A screenshot from Full Screen Mario. (Timothy B. Lee /The Washington Post)

Full Screen Mario is a  meticulous recreation of the classic game "Super Mario Brothers" built on the latest Web standards. It reproduces the graphics, sounds and gameplay of the original Nintendo version. You can play through the 32 original levels, play millions of randomly generated levels, and even create your own Super Mario levels with the site's level editor.

The site is the brainchild of Josh Goldberg, a junior at Rensselaer Polytechnic Institute, where he studies computer science. We spoke by phone Thursday morning. The transcript has been edited for length and clarity.

Timothy B. Lee: How long have you been working on Full Screen Mario?

Josh Goldberg: I started last October, about a year ago. I was kind of restless. I'm always programming. I always enjoyed "Super Mario Brothers" as a kid. I played it on my Gameboy. I was thinking about doing something impressive. I came up with the idea of old games like Mario. I realized that Mario is not that complicated. It's a lot easier to remake than other games like "Age of Empires."

From the beginning, I wanted to do a random map and a level editor. I started working in October. I had a functional demo up by Thanksgiving. I ended up working on it way more than I ever would have expected. I finally decided to do an official public beta about a month ago because I wanted to get it out of the way before school started.

What was the most difficult part of the project?

The levels were really tedious to copy over. I looked at the maps that I found online and manually copied each block. It took a while but it wasn't too difficult. The most difficult probably was getting the physics to work. I'd never really made the physics before. People would randomly disappear during the game.

I like doing remakes because you can aspire to be perfect. [Once your version matches the original, you know it's right] The problem is it's so difficult to make it the same thing. A lot of time was spent nitpicking details trying to get it closer.

It was hard getting [better performance] too. It still doesn't work well on a lot of computers. It doesn't use WebGL, just Canvas.

So you're saying you didn't grab images and other files from an old ROM, you did all the graphics and levels by hand?

That's correct. I don't know how to go about reading the ROM. I don't know assembly. I have my own Gameboy with "Super Mario Brothers" deluxe edition [which I used as a model].

What kind of response has the game gotten?

I got a lot of responses. It's funny, I posted it on a subreddit months ago. It got downvoted to oblivion. Nobody really cared. [Later I posted to another subreddit] and it got around 100 votes. Then this one guy, I think it was Boing Boing, blogged about it. All of a sudden it blew up. I got 30,000 hits a day. At the time I was like, holy crap. I have shared hosting and the servers kept going down. I switched to Cloudflare. Global content delivery network caching is saving the day.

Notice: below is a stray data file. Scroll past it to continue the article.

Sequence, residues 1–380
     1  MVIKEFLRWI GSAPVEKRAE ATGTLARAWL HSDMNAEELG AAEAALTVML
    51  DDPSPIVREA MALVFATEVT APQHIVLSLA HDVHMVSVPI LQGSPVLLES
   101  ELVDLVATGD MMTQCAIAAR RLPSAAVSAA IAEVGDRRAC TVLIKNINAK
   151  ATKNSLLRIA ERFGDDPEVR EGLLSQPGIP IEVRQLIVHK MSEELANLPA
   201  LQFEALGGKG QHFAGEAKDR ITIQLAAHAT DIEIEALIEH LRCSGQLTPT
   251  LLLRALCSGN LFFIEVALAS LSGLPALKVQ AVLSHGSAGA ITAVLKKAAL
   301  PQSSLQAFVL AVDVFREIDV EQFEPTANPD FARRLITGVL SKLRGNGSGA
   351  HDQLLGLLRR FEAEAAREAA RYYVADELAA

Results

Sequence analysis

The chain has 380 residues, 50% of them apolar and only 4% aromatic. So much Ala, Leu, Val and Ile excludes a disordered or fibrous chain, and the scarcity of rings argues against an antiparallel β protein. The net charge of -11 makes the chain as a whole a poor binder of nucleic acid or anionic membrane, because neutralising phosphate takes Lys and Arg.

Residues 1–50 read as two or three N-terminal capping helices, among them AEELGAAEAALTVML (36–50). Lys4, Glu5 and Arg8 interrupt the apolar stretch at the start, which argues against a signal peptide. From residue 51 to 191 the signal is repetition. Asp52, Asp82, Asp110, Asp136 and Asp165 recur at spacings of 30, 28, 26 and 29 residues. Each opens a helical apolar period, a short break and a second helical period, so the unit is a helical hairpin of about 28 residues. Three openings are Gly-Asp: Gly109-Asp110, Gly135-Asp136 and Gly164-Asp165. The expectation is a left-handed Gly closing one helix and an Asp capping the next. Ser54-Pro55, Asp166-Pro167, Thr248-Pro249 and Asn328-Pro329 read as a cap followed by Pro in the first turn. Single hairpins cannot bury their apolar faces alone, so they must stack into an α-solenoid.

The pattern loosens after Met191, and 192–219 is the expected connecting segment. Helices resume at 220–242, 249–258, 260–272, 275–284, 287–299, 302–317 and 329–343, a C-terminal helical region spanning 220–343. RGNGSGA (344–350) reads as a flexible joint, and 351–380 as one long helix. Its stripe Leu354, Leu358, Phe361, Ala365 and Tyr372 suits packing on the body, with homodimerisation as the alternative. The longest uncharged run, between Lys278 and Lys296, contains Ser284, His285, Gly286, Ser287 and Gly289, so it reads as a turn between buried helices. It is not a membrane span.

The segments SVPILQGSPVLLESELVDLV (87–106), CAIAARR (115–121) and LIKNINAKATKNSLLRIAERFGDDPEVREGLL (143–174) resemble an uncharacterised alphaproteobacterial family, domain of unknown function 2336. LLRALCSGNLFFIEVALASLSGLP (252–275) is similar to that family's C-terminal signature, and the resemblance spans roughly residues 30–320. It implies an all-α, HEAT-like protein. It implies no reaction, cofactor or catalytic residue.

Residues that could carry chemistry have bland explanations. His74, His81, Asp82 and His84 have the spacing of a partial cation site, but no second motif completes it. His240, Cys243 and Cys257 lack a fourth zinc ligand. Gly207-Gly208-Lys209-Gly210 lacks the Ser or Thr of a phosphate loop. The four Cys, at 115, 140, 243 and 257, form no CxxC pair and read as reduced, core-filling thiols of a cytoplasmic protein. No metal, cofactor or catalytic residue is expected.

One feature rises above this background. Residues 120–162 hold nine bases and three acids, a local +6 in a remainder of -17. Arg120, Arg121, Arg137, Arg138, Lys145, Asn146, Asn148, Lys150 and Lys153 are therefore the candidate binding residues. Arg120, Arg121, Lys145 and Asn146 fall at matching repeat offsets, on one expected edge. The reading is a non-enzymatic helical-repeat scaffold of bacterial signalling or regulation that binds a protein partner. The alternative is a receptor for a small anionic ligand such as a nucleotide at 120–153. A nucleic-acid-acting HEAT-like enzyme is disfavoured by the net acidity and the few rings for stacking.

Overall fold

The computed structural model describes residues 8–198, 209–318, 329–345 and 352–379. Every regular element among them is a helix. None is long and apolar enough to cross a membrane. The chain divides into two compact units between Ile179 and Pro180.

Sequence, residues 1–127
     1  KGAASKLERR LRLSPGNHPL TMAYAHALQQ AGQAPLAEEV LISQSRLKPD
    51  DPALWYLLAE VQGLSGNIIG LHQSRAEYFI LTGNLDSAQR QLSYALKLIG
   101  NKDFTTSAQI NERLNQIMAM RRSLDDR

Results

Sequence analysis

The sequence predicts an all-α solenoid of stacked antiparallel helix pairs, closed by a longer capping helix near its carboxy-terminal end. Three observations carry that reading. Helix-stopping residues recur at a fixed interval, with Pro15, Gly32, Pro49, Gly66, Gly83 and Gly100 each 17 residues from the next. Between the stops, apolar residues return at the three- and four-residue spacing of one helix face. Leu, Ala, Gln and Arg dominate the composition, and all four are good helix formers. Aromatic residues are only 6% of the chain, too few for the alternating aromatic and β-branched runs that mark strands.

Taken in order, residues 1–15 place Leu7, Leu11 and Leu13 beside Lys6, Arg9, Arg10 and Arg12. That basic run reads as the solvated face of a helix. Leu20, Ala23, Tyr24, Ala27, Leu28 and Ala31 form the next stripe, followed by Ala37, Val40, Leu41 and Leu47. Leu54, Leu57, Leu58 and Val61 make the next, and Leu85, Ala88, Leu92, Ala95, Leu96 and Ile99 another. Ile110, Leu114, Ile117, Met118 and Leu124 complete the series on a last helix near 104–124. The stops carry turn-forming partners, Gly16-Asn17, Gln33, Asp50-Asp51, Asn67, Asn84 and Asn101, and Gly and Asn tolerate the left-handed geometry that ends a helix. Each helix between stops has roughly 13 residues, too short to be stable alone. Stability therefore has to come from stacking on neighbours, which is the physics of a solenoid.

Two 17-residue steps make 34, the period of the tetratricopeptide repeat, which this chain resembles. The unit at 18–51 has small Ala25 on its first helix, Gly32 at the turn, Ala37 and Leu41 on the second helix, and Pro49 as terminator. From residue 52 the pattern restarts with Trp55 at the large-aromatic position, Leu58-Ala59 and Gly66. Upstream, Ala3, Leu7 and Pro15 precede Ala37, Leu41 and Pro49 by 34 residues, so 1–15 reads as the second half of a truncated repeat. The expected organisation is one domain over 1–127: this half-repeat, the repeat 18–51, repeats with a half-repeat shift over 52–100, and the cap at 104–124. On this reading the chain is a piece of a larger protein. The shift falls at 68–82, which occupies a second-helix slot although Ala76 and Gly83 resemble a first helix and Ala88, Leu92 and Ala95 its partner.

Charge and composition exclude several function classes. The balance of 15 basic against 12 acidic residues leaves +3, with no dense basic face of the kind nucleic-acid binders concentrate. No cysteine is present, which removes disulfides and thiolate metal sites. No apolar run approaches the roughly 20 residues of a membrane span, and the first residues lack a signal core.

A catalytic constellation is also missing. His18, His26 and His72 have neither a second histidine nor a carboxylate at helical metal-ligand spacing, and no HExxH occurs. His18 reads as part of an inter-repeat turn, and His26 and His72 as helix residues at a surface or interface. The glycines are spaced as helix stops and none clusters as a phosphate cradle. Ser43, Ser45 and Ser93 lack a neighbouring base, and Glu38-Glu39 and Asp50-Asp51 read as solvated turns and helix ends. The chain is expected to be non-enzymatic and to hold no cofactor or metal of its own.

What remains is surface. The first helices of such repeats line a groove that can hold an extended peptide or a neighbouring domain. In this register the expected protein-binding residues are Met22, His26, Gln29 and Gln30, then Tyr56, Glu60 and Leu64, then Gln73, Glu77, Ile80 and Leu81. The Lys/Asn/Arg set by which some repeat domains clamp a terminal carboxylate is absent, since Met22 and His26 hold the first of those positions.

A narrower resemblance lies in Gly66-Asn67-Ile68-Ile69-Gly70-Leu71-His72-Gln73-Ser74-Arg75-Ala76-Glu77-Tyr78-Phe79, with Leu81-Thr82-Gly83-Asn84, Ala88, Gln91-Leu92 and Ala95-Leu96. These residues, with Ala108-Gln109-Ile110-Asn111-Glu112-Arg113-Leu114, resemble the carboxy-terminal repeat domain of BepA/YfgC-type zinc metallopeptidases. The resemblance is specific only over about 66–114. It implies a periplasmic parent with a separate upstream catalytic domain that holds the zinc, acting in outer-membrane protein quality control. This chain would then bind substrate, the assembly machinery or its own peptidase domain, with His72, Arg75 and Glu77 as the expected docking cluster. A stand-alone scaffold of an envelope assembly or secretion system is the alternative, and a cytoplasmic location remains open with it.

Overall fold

Now it's getting 300,000 unique visitors a day, so like a million hits. Just yesterday alone, the 16th, there were 385,000 unique visitors from Google Analytics. If you go on Twitter, it's crazy. People are really excited. I didn't expect it to be so sudden.

What do you plan to do with the project in the future?

If you go to Github, go to Full Screen Mario, right now there are 40 issues reported. I have a lot of small things I want to take care of that other people are reporting, things like little physics problems. On a larger scale, I'd like to store maps as JSON objects. I'd also like to get some sort of map sharing in there.

Right now when people use a level editor, they need a way of sharing the map. Perhaps an "e-mail a friend" function. I would very much like it to work faster, work better,  work on Firefox, IE, whatever else people are using.

It would be really nice if I could get gamepad.js support. That's a javascript library that lets you plug in an XBox 360 controller. It allows for the browser to be controlled by a gamepad or joystick.

Supporting multiplayer would be awesome.

"Super Mario Brothers" is copyrighted to Nintendo. Is that something you're concerned about?

Back in October when I started on it, I didn't care because I didn't think it would be a big project. [More recently, I've had some people asking about it.] I got Reddit gold for "lol idk" as a response [to a question about the copyright issues.]

I don't know what Nintendo is going to do. I've avoided using any Nintendo assets other than the IP for the game itself. I honestly don't know what to do in this situation.

Have you been contacted by Nintendo?

The project's been out on Github for around nine months. They haven't contacted me in any form. I assume that either they're going to do it within a week or two or they're not going to do it at all.

I do want to note a couple of things, though. There are a jillion sites on the Internet that allow you to download the games for free. [People can download ROMs of the original games and emulators to play them.] There are sites that have full engines for Gameboy. I haven't seen a single takedown for those. I think it would be a really jerk move for Nintendo to take it down. To take it down would be a spit in the face to Web developers and game enthusiasts everywhere.